Obama administration officials are indefinitely postponing public scoping on an off-shore oil and gas lease proposal for an area of coastal Virginia, a move that drew quick applause in some circles.
The announcement comes as crews continue to work to cap an oil-well blowout in the Gulf of Mexico that is threatening to coat the shorelines of Louisiana, Mississippi, and Florida with light oil.
An announcement on the Interior Department's website Thursday stated the scoping period was being put off "so that information from the ongoing review of Outer Continental Shelf safety issues that the President has directed can be appropriately considered in those meetings. Additionally, the Minerals Management Service and its Gulf of Mexico staff are focusing their attention on the Deepwater Horizon incident and would be unable to conduct the meetings until a later date."
A notice (attached) is to be published in the Federal Register on Friday announcing the cancellation of public hearings and the acceptance of public comments on the possible environmental impacts of the proposed sale.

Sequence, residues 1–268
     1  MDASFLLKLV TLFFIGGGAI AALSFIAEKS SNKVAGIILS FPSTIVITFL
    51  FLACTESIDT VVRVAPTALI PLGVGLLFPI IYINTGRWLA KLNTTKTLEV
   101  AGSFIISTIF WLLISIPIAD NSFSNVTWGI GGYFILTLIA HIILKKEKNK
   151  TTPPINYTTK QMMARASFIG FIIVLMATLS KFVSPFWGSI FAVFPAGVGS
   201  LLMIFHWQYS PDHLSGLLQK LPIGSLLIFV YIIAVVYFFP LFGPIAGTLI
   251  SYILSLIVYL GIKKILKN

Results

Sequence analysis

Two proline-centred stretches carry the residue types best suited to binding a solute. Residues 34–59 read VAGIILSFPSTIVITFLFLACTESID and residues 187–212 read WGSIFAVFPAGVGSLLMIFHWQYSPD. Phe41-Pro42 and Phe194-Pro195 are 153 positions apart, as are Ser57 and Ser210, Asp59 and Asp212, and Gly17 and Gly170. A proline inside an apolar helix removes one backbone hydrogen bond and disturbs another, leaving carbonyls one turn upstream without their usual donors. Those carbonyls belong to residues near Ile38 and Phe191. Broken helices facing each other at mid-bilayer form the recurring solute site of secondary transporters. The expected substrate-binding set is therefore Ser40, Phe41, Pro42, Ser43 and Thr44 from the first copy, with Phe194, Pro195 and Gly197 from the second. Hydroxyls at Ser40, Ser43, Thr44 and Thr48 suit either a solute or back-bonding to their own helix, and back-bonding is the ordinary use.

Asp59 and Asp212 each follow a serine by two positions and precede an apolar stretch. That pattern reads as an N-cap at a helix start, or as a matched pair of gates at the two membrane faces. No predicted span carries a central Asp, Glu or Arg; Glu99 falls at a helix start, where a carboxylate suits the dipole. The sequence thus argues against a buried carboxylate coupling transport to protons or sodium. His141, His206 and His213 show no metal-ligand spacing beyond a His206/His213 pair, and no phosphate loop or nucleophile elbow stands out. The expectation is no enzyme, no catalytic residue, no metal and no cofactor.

“I’m glad to see the President responding to the growing scandal over the Department of Interior’s exemption of BP’s Gulf Coast drilling from environmental review,” said Kierán Suckling, executive director of the Center for Biological Diversity. “All new offshore oil drilling needs to be put on hold immediately.”
The notice cancels three public hearings scheduled in May and indefinitely postpones the comment period aimed at soliciting public input on the environmental effects of proposed Lease Sale 220. These opportunities for public participation are part of the process of preparing an Environmental Impact Statement, a step required to move forward with offshore lease sales. Lease Sale 220 is scheduled to take place in 2011, opening a large area for oil development off the coast of Virginia in a few years. The Federal Register Notice to be published tomorrow puts Lease Sale 220 on hold “pending a decision by the Secretary of the Interior.”
“The need to stop offshore oil drilling in the Arctic is even more pressing,” said Mr. Suckling. “Atlantic drilling would not have happened for a few years. The Department of Interior has approved new offshore oil drilling in the Arctic for this July.
“Opening Alaska, the eastern Gulf of Mexico and the Atlantic coast to new offshore oil drilling was the brainchild of Interior Secretary Ken Salazar,” added Suckling. “The President should pull back from the entire Salazar plan, not just the Atlantic Coast portions.”